Western Collared Lizard, Dominguez Canyon Wilderness, CO
Canyon Treefrog, Dominguez Canyon Wilderness, CO
Despite the nearly continuous presence of distant thunder, which almost prompted me to turn back about an hour into the hike, I didn’t feel a single drop of rain the entire day. Yet when I returned to the junction between Little and Big Dominguez Canyons late in the afternoon, I discovered that the creek coming out of Little Dominguez Canyon, which had been nothing more than a pathetic looking transparent trickle at 10 A.M., had been transformed into a thick brown torrent of mud and debris accompanied by the extremely potent aroma of fresh cow pie. Yum.
This waterfall along Dominguez Creek had been nearly dry just a few hours earlier.
In hindsight I wish I had taken a “before” picture for comparison but that morning the creek was flowing with less gusto than your typical garden hose so my camera and I weren’t exactly drawn to it. Clearly the headwaters of Little Dominguez had gotten a lot of rain in a short amount of time and seeing this dramatic transformation was a good reminder that flash floods can strike areas far removed from any significant precipitation and validated my decision to hike Big Dominguez Canyon instead.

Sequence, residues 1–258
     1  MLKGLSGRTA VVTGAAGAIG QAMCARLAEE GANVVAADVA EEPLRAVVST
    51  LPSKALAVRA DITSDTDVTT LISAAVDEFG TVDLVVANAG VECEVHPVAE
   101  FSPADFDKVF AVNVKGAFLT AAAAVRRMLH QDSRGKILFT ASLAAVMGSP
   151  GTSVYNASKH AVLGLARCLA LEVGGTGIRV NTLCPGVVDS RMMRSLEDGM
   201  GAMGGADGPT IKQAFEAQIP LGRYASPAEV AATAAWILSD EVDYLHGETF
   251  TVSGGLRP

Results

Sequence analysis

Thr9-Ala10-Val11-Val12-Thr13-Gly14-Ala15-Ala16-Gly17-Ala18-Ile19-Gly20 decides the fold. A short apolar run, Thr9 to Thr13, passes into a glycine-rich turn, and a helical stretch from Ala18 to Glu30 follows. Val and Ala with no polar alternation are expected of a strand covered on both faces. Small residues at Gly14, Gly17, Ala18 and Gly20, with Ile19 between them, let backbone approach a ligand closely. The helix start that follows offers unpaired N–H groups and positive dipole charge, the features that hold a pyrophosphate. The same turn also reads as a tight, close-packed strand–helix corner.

As spectacular as the canyon was, I can only imagine how enchanting it would be at sunrise or sunset when the low-angle of the Sun illuminates the fantastic geology or in the spring when snow melt swells the creek. Always good to have an excuse to go back!
Out of all of the numerous ruin and rock art sites in the Sedona area, Red Tank Draw is one of the least known, most remote, and difficult to find sites. Finding reliable directions to the site can be rather challenging. An extensive internet search turned up only a few webpages with detailed directions, all of which seems to contradict each other quite a bit. After a failed attempt to find the petroglyphs last week and a slightly more successful attempt today, I’m going to begin by saying that NONE of the directions I was able to find online were particularly accurate. I’ve included my own directions and a Google map of the area at the bottom of the page for anyone that wants to try to find these for themselves.